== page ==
And so it begins.
GIFestivus 2012 is underway.
At least that’s what I’m calling it. Grant Potter is also using GIFestivus, and he’s already at the 6th Day of GIFestivus, but Alan Levine said the official announcement would go out today (Wednesday the 18th) and he might be calling it the ds106 GIFest. Regardless of what it’s called, there is a little holiday GIF cheer going around the ds106 community, and I’m going to see if I can learn a few things while playing along, and making some art, dagnabbit.
You likely know already that the Oxford Dictionary USA named GIF as its Word of the Year for 2012, that this was the year that the humble GIF turned 25 years old, and that there were a variety of celebrations around the world for this web-page-annoyance-now-turned-artform (Moving the Still, on Tumblr, on Paddle8.)
Here’s what I have reviewed this evening, with a focus on the following:
- selecting a clip that might work as an animated GIF.
- importing and limiting the number of frames.
- copying and reversing frames to produce a seamless GIF (no forward and backward option in Photoshop, it would appear).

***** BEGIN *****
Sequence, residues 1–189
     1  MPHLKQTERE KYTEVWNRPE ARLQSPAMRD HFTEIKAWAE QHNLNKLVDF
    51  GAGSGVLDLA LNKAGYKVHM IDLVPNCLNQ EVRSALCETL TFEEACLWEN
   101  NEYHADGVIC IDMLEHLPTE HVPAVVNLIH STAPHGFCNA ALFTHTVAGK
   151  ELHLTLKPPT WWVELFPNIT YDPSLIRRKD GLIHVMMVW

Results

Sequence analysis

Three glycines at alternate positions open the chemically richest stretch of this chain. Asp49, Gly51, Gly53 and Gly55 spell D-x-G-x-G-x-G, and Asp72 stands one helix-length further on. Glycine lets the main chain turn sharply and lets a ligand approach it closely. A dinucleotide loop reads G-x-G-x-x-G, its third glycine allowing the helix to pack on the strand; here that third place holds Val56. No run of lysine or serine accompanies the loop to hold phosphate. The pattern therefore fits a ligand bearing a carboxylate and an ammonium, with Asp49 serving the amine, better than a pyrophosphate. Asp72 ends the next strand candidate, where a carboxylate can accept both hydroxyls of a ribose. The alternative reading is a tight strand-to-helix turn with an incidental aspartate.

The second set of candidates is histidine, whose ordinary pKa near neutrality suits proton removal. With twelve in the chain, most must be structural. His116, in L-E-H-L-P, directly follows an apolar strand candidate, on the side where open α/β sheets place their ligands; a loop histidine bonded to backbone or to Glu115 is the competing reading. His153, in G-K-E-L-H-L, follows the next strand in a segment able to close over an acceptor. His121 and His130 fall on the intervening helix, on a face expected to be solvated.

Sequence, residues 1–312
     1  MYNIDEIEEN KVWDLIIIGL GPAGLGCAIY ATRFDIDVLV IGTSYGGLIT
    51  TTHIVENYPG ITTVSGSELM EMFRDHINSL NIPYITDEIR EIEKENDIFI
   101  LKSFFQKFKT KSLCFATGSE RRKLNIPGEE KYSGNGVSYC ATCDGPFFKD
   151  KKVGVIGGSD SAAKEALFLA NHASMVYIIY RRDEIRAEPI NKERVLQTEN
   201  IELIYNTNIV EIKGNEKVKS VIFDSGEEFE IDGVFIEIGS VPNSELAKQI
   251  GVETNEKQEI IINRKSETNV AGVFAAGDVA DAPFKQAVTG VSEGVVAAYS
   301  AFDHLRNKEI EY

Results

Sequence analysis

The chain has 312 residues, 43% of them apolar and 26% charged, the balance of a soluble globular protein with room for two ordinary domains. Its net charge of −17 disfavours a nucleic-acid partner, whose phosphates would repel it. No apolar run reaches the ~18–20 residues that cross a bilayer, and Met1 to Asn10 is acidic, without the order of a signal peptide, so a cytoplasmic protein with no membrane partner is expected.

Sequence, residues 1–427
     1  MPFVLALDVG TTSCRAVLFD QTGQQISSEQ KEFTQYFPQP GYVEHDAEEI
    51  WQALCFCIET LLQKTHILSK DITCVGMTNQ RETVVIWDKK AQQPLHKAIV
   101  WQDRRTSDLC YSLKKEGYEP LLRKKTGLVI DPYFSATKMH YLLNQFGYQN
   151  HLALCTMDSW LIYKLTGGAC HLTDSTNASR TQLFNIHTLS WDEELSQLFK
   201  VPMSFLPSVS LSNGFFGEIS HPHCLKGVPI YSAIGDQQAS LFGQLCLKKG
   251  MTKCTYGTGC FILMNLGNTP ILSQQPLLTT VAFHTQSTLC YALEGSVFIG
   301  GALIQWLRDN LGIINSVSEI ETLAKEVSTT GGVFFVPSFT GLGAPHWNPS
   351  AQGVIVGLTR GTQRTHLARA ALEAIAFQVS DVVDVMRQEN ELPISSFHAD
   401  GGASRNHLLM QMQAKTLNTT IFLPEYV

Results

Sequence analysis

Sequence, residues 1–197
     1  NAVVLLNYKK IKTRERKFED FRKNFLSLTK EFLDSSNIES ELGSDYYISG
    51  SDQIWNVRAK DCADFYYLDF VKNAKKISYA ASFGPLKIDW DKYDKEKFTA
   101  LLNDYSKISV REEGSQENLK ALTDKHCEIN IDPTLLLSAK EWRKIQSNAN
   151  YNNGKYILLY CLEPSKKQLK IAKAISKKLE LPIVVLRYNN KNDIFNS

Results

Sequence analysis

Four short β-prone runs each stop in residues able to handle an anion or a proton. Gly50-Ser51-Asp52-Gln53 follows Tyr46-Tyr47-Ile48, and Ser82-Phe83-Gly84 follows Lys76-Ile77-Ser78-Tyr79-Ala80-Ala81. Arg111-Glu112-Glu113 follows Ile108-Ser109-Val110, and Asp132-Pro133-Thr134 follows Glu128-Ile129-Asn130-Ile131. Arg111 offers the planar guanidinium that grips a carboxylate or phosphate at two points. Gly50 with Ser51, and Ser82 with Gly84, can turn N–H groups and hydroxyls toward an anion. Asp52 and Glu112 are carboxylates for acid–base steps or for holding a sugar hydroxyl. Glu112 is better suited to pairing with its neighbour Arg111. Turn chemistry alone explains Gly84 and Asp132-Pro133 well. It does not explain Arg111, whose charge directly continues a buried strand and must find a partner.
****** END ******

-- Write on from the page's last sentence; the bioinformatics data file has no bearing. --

- adjusting the frame timing to something that seems to work.
This GIF is not part of any specific assignment or seasonal theme. It is simply an experiment for reviewing a few things necessary before I embark on this travail. I was looking to get something that works in the cinematic GIF / living movie stills category, as wonderfully illustrated on IWDRM: If We Don’t, Remember Me. My GIF above is from the pre-opening scene of the old TV favourite, The Saint, episode The Wonderful War.
Next up is to sort out the process of editing the individual images within the animation — presumably this means adjusting the specific layers prior to making the frames. And I’m also going to spend some time learning about masking. I’m hoping to post a modified version of this GIF tomorrow, after some sleep.
In the meantime, if you’re looking to follow along with GIFestivus2012, you might want to check out the following link:
There’s nothing like being animated!
It sure beats being unanimated.